LAFAYETTE — With 4-H enrollment season well underway and National 4-H Week running from Oct. 6-12, benefits of joining what is the largest youth organization in the country were on full display at the Chippewa County 4-H open house on Sept. 30 at Lafayette Town Hall.

The purpose of 4-H is “developing future leaders and future adults,” said Heidi Vanderloop, 4-H program coordinator for Chippewa County. While the program is not a substitute for school, she added, it is a great supplement, and 4-H members are able to “learn by doing.”

What makes 4-H different, Vanderloop said, is its experiential learning model that has been developed and supported by university research.

With foundations of the program laid by 1902, 4-H originally began as corn clubs for boys and canning clubs for girls, Vanderloop said. Over the next few decades, the youth clubs became part of the Extension system, and 4-H clubs were nationalized.

Those at the open house learned what projects and activities were available for members to participate in. 4-H offers a wide variety of projects ranging from animal showing and theater arts to shooting sports and sewing. Camps and other group activities are also offered.

In addition to receiving background information on the program, attendees of the open house, youth and adults alike, participated in an activity to piece together the 4-H pledge, which was then read aloud by a youth volunteer; learned how to recite the pledge complete with its hand motions; were introduced to some club leaders and joined together for an icebreaker activity.

While parents were receiving more information about the role they play in the 4-H organization, which is typically a highly family-focused program, kids were able to head outside for a leather craft where they made their own bookmarks with the help of older 4-H participants like Hannah Tambornino, Emily Syverson and Alyssa Hysell, who each explained what 4-H has done for them over the years they’ve been members.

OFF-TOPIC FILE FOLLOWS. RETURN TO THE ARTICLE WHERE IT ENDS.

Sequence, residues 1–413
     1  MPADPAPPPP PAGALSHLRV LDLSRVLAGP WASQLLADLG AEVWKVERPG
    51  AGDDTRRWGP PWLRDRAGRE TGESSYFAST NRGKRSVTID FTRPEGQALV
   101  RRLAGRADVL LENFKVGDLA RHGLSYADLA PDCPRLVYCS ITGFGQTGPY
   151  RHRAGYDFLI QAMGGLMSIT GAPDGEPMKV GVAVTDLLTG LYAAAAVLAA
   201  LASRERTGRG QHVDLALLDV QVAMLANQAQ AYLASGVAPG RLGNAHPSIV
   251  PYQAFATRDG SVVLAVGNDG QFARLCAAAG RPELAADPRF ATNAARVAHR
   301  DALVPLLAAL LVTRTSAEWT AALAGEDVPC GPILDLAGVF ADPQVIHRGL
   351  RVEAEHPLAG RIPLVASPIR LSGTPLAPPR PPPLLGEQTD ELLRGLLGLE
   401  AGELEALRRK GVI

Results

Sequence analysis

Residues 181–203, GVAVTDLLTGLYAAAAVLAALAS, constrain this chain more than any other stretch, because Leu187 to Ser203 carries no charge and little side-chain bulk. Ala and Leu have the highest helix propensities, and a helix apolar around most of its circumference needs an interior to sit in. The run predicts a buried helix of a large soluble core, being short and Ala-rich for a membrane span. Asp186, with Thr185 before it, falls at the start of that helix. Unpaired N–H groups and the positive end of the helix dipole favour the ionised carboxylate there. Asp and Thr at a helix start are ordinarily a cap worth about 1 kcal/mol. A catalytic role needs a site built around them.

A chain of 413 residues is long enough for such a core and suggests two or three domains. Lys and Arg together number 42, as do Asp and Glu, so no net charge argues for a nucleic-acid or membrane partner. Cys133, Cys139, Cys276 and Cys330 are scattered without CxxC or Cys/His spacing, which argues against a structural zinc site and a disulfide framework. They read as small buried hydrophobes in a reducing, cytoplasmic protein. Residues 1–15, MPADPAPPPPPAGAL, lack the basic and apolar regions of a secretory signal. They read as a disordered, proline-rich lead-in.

Tambornino, who joined 4-H when her family was looking for more activities that they could do together, said, “Through 4-H, I’ve definitely gained leadership skills. I’ve been more confident talking to people, talking in front of people, doing things with people.”

Syverson, who joined 4-H through her father, a 4-H alumnus, echoed those sentiments and added, “I love doing the service projects that we get to do. I wouldn’t trade that for the world.”

The lasting benefits and friendships gained from participating in 4-H were some highlights of their experiences thus far.

Hysell, who joined the program because her uncle had been in 4-H, said she was much shyer before she joined 4-H and that “it definitely helps you break out of your shell.”

4-H offers students opportunities to discover and pursue their interests and take leadership initiative within their clubs.

“I’m learning life skills that will definitely take me far and that you need in life because of 4-H,” Tambornino said.

Chippewa County 4-H is made up of 14 individual clubs that are scattered around the county. Members do not have to join the club nearest them but can rather select one that best meets their interests and schedule.

4-H is open to anyone regardless of whether they live in town, the city or the country. The community often steps in to help with resources as need be; for instance, kids who are interested in animals but don’t have one or a place to keep one can often find assistance from someone nearby who has resources they’re willing to share with 4-Hers.

The 2019-20 enrollment period began in September. New families can enroll at any point during the 4-H year, although deadlines may apply for fair entries and early enrollment is appreciated. Returning members/families in Chippewa County should enroll by Nov. 1.

Visit chippewa.extension.wisc.edu for more information about 4-H in Chippewa County, or visit 4-h.org for more information about the national program. Other 4-H programs in Wisconsin can be found through local Extension offices.

National 4-H Week continues to run through Oct. 12, with the theme “Inspire Kids to Do.” Special activities for 4-H clubs are taking place across Wisconsin and the rest of the country. Around 6 million youth participate in 4-H nationwide.